i needed a break from europe and the world wars, which has been the backdrop of almost all the historical fiction i've read this past year. the last days of night was a nice change of pace. set against the so called "war of the currents," we follow paul cravath as he is dragged into the middle of a battle of wills between thomas edison, nikola tesla, and george westinghouse.
i'll be honest, i had no idea that the current wars were a thing. what i knew of thomas edison was the whitewashed "he was a genius" story you're given in grade school. and since i went to grade school in new jersey where edison is also somewhat of a state hero, i didn't know that actually he was kind of an ass. the novel at one point takes pains to note that what thomas edison did so brilliantly was not invent, but rather find a way to industrialize ideas and invention. that is certainly a rather unique contribution to science and history, but he was also egotistical and petty. he was also calculating and mercenary. being those things don't make him evil. but he wasn't a saint. he was markedly human, and that is one thing this novel does well. it humanizes these great inventors and creates a compelling narrative around the drama of the current war.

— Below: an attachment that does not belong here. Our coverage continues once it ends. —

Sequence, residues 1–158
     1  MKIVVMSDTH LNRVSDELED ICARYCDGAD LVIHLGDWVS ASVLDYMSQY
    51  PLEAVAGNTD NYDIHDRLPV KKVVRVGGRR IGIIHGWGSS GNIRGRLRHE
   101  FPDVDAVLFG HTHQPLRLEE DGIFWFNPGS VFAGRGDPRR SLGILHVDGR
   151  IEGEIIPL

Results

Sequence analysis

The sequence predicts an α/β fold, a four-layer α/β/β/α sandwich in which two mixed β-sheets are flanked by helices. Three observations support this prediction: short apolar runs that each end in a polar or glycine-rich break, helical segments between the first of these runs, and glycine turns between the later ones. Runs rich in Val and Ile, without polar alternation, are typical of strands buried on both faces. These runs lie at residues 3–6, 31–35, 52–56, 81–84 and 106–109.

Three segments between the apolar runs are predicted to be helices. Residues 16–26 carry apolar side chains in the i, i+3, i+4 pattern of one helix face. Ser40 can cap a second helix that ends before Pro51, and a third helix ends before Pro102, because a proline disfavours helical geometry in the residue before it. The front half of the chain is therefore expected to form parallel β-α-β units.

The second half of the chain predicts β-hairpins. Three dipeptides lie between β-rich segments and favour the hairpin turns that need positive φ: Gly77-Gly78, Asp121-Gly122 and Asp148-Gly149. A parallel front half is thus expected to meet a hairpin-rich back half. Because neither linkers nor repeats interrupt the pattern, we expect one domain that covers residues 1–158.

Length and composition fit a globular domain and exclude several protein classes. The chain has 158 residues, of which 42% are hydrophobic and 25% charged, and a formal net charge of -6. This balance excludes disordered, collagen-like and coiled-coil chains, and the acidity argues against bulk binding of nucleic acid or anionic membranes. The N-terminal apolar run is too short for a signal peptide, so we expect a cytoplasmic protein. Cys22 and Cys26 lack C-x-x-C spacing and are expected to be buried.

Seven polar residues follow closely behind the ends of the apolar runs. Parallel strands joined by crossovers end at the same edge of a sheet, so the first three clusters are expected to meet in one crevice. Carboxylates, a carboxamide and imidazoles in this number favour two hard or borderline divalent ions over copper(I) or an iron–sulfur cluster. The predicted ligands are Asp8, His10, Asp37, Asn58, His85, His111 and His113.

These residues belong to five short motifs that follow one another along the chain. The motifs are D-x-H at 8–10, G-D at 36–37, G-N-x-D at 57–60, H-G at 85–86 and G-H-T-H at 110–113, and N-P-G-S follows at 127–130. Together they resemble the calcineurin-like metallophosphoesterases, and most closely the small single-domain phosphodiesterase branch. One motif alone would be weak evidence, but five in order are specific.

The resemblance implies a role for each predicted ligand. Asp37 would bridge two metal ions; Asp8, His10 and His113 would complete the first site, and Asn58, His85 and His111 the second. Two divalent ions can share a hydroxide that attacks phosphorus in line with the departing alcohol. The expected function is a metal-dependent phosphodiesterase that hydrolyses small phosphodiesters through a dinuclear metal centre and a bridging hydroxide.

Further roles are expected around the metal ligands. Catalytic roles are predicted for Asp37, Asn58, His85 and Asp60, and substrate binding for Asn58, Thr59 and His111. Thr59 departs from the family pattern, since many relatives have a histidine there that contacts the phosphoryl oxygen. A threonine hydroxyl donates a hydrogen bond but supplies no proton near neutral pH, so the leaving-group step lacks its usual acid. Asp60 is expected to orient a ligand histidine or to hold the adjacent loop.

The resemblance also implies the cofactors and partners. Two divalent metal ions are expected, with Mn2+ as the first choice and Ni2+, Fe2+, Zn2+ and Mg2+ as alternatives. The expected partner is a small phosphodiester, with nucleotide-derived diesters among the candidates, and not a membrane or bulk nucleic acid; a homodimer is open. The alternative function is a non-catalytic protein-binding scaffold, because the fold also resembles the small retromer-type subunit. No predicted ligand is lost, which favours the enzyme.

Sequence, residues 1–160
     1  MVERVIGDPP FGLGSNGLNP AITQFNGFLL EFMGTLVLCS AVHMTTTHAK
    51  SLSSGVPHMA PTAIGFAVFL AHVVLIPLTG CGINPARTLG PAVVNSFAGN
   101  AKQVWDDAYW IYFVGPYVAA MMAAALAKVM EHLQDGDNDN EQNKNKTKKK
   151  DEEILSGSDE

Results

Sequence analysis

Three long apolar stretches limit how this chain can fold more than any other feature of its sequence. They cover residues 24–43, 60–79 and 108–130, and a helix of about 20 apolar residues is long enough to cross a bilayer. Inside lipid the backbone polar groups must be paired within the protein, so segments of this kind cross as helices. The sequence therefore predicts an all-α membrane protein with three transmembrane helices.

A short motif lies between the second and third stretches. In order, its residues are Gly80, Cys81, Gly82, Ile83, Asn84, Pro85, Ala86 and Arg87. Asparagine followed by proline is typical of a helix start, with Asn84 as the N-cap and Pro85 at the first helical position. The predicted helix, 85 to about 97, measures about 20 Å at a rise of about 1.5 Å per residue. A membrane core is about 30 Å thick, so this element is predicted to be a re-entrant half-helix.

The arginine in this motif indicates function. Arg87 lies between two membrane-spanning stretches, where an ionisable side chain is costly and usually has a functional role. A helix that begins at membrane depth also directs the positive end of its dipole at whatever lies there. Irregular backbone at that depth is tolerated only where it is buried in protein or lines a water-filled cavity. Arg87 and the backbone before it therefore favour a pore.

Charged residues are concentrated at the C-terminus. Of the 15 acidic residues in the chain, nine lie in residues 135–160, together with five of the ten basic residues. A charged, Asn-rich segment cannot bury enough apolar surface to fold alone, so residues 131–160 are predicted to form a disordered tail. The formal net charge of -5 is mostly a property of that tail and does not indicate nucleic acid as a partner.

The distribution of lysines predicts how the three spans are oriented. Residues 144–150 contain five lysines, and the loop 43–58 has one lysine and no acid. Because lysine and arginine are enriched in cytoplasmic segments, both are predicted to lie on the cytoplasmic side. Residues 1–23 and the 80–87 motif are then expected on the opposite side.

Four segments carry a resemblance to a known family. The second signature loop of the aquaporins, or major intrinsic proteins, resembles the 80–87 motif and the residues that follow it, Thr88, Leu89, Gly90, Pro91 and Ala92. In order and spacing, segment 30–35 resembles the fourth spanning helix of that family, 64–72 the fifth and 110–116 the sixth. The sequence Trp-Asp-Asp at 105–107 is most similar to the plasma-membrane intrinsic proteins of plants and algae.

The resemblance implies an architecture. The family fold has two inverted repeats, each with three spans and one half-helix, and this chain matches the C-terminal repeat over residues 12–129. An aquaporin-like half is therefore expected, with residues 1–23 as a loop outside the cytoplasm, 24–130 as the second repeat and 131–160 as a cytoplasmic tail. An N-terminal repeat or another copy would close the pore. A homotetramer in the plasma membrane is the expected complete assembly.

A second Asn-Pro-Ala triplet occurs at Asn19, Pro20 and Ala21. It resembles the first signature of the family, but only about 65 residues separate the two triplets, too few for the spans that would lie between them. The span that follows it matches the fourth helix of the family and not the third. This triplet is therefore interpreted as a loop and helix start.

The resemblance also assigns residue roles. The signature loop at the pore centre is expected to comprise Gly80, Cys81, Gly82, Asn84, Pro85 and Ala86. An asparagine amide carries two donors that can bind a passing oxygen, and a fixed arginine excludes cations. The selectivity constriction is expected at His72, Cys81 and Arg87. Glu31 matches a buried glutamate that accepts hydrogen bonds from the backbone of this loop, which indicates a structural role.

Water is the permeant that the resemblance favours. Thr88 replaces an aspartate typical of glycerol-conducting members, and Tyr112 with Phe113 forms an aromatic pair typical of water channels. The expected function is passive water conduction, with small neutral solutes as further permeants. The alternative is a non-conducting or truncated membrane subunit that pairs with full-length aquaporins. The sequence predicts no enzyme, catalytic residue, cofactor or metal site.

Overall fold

because let's be honest, the merits of "direct current" versus "alternating current" technology isn't what you'd normally think of as riveting reading. but it is. and sure the author took some artistic liberty with the timeline, but he is also clear that many of the things that his historical characters say are part of the historical record he consulted. the characterizations of edison and westinghouse based on historical fact, not fiction.
ultimately this checked all the right boxes for me. it had interesting characters that i could root for, a compelling narrative with high stakes, and it taught me something. what more could i ask for?
**the last days of night is scheduled to publish on september 27, 2016. i received an advance reader copy courtesy of netgalley/random house in exchange for my honest review.